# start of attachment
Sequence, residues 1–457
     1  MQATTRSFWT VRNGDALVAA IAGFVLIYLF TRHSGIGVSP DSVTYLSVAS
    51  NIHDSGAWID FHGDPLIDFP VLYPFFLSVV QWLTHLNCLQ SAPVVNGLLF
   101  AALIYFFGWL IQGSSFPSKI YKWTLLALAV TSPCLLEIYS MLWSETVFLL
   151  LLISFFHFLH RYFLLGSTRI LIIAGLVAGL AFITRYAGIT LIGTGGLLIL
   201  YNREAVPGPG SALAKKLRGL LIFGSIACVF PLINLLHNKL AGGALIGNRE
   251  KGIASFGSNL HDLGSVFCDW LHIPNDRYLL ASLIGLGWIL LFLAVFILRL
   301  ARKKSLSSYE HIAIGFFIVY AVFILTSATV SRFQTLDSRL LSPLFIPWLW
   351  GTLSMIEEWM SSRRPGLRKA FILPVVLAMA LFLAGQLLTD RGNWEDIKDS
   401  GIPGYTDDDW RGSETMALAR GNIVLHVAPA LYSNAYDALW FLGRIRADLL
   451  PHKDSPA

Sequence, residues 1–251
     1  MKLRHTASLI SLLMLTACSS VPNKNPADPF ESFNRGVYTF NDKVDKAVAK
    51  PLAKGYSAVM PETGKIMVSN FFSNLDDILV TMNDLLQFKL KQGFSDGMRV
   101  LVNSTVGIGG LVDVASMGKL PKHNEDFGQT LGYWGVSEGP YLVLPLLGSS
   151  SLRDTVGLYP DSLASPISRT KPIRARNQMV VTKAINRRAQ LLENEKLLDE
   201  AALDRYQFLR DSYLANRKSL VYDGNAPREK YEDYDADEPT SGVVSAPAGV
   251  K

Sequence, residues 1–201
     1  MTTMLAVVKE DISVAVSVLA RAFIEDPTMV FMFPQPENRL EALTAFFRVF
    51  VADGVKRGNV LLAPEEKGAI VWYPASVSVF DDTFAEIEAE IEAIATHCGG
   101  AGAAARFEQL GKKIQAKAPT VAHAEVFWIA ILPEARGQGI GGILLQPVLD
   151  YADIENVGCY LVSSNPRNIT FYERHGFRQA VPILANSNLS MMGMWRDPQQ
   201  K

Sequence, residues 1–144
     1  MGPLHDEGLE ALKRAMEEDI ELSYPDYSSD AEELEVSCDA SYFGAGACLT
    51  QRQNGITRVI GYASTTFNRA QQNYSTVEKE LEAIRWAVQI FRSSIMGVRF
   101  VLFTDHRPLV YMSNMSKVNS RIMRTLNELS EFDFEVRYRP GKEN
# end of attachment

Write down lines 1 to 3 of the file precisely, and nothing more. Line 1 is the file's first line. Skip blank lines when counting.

Sequence, residues 1–457
     1  MQATTRSFWT VRNGDALVAA IAGFVLIYLF TRHSGIGVSP DSVTYLSVAS
    51  NIHDSGAWID FHGDPLIDFP VLYPFFLSVV QWLTHLNCLQ SAPVVNGLLF